National Lipstick Day!

| Jul 29, 2019
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It’s National Lipstick Day! There are over 1500 “national days” but this is a special day to crossdressers. Who doesn’t love having fabulous looking lips?

How did we get a National Lipstick Day? As of 2016, beauty blogger, entrepreneur and International Businesswoman, Huda Kattan was named the modern-day founder of National Lipstick Day by a Proclamation from National Day Calendar’s Registrar. So it seems all you need to have a National Day of anything is to declare it and get it on the calendar.

But, back to lipstick, that glorious lip enhancer that makes great lips look better and shoddy lips look good. Humans have always looked for way to up their desirability and using cosmetics started early in our history. Ancient Sumerian men and women used crushed up gem stones to decorate their lips and faces. That was over 5000 years ago and it’s the same concept as modern drag queens using glitter and tiny faux gems to create a look.

Ancient Egyptians crushed up bugs and used the bug juice to color their lips. They also wore lipstick to show social status rather than gender.

Not all Egyptian cosmetic experiments were successful. At one point the Egyptians extracted red dye from fucus-algin, 0.01% iodine, and some bromine mannite, but this dye resulted in serious illness.

Minoan women colored their lip bright red. In Greece the first use of lipstick was confined to prostitutes and courtesans. Around  700 BCE upper class Greek women began to engage in the practice of coloring their lips.

The Chinese over 1000 years ago invented lip balm to protect their delicate lips. Then they added scented oils for added enticement.

In the United States carmine dye made from crushed up cochineal insects came into fashion in the 19th century. It didn’t come in a tube, which is where lipstick gets its name. It’s a “lip stick,” but was applied with a small brush much like today’s lip brushes. It wasn’t considered proper for a lady to have scarlet colored lips while out and about so the practice was left mainly to actors and actresses on stage and to regular women in the privacy of their homes. It wasn’t until late in the 19th century that the famous actress, Sarah Bernhardt, began wearing lipstick and rouge in public.

In the early 1890s, carmine was mixed with an oil and wax base. The mixture gave a more natural look and it became more acceptable among women. By 1912 fashionable American women were all using lip color, though they were advised to be careful in application.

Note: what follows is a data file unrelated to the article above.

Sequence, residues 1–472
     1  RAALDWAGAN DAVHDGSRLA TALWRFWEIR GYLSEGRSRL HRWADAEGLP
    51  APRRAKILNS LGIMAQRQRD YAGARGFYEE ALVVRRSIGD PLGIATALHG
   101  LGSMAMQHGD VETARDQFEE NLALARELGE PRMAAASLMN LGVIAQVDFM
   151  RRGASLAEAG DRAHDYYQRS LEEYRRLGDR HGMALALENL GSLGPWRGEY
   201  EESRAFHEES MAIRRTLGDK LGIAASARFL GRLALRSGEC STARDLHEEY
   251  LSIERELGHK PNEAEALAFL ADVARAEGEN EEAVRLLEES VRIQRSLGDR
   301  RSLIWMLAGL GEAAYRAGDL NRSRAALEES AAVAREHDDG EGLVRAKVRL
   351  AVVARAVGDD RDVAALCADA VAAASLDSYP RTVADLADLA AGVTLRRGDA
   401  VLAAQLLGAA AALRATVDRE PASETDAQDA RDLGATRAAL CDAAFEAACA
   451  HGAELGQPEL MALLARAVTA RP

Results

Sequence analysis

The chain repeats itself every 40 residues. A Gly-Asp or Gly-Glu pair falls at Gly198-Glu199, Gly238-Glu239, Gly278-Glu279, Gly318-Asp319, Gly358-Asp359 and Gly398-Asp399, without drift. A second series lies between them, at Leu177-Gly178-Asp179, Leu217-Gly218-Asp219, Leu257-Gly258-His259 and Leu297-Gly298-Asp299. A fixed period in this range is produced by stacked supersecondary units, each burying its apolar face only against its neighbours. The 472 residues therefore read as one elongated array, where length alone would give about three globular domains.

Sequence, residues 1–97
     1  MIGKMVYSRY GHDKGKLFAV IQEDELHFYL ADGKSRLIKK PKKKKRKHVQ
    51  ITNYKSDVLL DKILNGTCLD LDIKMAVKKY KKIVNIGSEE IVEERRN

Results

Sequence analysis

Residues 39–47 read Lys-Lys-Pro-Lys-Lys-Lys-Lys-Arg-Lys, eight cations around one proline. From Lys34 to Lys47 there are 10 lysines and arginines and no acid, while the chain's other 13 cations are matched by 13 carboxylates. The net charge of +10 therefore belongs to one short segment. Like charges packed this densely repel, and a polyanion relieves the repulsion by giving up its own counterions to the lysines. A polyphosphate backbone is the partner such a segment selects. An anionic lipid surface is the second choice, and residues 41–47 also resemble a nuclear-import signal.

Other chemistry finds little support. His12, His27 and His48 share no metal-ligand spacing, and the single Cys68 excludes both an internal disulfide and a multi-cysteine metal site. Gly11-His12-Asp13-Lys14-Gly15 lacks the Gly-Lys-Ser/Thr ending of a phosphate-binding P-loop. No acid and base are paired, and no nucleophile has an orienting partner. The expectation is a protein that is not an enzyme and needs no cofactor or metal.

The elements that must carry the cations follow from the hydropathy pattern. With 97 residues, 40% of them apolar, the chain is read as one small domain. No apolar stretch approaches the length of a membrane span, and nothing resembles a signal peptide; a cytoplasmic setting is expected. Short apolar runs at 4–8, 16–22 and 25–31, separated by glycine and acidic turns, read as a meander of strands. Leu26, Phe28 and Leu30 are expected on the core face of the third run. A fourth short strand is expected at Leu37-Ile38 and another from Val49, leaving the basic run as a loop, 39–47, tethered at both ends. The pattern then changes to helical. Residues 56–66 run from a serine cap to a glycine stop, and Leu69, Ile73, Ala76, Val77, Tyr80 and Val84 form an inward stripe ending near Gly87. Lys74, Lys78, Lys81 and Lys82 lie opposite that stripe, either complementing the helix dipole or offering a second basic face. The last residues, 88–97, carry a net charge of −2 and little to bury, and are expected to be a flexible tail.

Maurice Levy. is the inventor who put lip color in a metal cylinder in 1915 and created lipstick as we know it today. It still wasn’t until 1923 that the first swivel-up tube was patented by James Bruce Mason Jr. in Nashville, Tennessee.

Clara Bow

By that time women had been putting on lipstick for photographs and it gained more in popularity. Actresses on film created lipstick trends such as Clara Bow’s “Cupid’s bow” lips. Later Mariylin Monroe and Elizabeth Taylor contributed to the popularity of dark red lips.

There’s much more to the importance of lipstick in our modern world but we don’t have time to document it all. One important thing to be aware of; Many makeup lines are giving away free lipstick today. When you finish reading our New Content on TGF you may want to freshen your lipstick and head out to the mall to claim your freebie.

MAC Cosmetics is giving away free full-size lipstick with any $25 purchase on July 29. Other stores and brands giving away free lipstick or offering great deals include Urban Decay, Huda Beauty, Anastasia Beverley Hills, ColourPop, Target and Macy’s.

For more information on the history of lipstick visit Wikipedia.

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Category: History


About the Author ()

Angela Gardner is a founding member of The Renaissance Transgender Assoc., Inc., former editor of its newsletter and magazine, Transgender Community News. She was the Diva of Dish for TGF in the late 1990s and Editor of LadyLike magazine until its untimely demise. She has appeared in film and television shows portraying TG characters, as well as representing Renaissance on numerous talk shows.

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